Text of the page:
|McMurtrey Iii, James|
|Corp, L - NASA-GSFC|
|Chappelle, E - NASA-GSFC|
|Dibenedetto, J - SPECIAL TECHNOLOGIES INC|
Submitted to: Remote Sensing of Environment
Publication Type: Peer Reviewed Journal
Publication Acceptance Date: April 18, 2001
Publication Date: October 15, 2001
Interpretive Summary: Studies indicate potential for spectral fluorescence technology at the field cropping level but the technology is in its infancy in regards to its actual use in agricultural practice. Some projected applications of fluorescence in agriculture include precision management of nitrogen fertilizers, detection of crop stresses, detection of weed species for precision spraying, crop residue management and detection of spectral markers inserted in plant genomes. Fluorescence technologies for monitoring the cropping system attributes in the agricultural scene are relatively new concepts that have been introduced to a small audience. They will need further improvements and extensive evaluations to fully develop their potentials. A number of possible uses for agricultural applications are illustrated.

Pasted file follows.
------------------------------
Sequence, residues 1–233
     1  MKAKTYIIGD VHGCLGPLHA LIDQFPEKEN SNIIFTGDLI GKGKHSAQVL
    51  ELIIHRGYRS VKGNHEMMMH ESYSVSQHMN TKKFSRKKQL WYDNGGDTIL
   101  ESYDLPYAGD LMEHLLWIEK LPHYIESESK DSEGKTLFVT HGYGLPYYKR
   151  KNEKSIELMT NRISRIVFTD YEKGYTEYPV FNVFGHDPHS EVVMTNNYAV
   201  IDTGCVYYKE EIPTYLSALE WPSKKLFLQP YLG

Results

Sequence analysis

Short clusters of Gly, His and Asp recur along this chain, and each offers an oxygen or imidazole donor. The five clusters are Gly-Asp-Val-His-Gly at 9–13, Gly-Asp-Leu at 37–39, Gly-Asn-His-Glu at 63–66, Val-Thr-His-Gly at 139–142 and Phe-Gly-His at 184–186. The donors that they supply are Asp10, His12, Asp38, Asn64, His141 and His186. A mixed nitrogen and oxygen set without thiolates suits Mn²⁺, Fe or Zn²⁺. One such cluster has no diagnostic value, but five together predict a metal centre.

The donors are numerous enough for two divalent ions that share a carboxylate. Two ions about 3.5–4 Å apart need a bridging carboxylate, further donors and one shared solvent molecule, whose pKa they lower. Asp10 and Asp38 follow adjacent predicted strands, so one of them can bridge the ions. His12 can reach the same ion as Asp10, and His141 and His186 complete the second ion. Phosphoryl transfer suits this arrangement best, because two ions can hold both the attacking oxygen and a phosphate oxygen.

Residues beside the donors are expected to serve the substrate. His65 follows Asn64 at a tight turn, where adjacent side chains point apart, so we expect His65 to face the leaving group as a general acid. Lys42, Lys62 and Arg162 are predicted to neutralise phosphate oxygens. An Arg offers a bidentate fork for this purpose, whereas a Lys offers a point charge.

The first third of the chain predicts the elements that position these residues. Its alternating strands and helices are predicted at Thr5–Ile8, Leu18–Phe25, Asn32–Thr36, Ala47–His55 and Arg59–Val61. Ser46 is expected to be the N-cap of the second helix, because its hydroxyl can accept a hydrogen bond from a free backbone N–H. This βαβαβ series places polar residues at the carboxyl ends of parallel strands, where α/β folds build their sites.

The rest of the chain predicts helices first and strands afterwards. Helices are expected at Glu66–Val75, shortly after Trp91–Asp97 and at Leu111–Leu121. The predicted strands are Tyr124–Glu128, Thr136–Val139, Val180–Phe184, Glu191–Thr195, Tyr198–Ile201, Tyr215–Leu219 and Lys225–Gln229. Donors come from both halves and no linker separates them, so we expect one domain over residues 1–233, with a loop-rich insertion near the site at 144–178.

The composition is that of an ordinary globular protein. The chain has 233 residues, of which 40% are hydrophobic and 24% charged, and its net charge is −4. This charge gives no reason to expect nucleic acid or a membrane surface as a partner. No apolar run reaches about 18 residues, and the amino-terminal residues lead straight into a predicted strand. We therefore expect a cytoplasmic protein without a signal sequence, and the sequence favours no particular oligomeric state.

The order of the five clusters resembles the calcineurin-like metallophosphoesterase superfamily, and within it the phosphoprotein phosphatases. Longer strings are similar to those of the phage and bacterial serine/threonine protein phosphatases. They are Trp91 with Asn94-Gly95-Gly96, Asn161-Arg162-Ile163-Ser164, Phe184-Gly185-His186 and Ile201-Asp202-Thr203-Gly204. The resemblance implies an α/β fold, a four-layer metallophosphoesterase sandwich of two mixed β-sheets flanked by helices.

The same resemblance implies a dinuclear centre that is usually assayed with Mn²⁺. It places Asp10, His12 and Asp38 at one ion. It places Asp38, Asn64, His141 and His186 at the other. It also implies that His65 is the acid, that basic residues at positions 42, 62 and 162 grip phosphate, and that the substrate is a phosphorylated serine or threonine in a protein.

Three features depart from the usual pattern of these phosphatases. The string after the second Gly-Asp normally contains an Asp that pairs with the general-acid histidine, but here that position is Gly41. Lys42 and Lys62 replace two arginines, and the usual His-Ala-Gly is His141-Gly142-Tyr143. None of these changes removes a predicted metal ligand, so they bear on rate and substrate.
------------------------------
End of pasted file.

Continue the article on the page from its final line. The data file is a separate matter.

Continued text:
Technical Abstract: A number of fluorescence techniques have been suggested for monitoring various crop attributes in the agricultural scene. In live crop material red fluorescence induction kinetics have shown to be highly related to photosynthetic efficiency. Ratios of red to far-red fluorescence steady state emissions have also been successful in determining photosythesis status as well as chlorophyll concentration. Blue to green fluorescence emission ratios as well as blue to red, green to red, blue to far-red and green to far-red ratios have shown relation to the physiological status within crop species. Fluorescence of dead crop residues in the blue-green area of the spectrum are useful in detecting crop residue coverage for soil erosion control as well as postmortem indicators of the past crops performance and production. Ultra-violet (UV) fluorescence emission has been related to total protein concentration in live and dead crop material. .Selecting optimal excitation wavelength depends on the application desired and the ability to construct a workable system. Five primary areas (UV, blue, green, red and far-red) have been identified as providing useful information for the management of crop materials. Fluorescence technologies are rich with information on the electron transfer efficiencies within plants. The answers to the capturing to the suns energy, electron transfer and the building of plant materials are complex and much work must be done to fully understand their total implications. However, several simple approaches useful to the management of cropping systems are now ready for further development.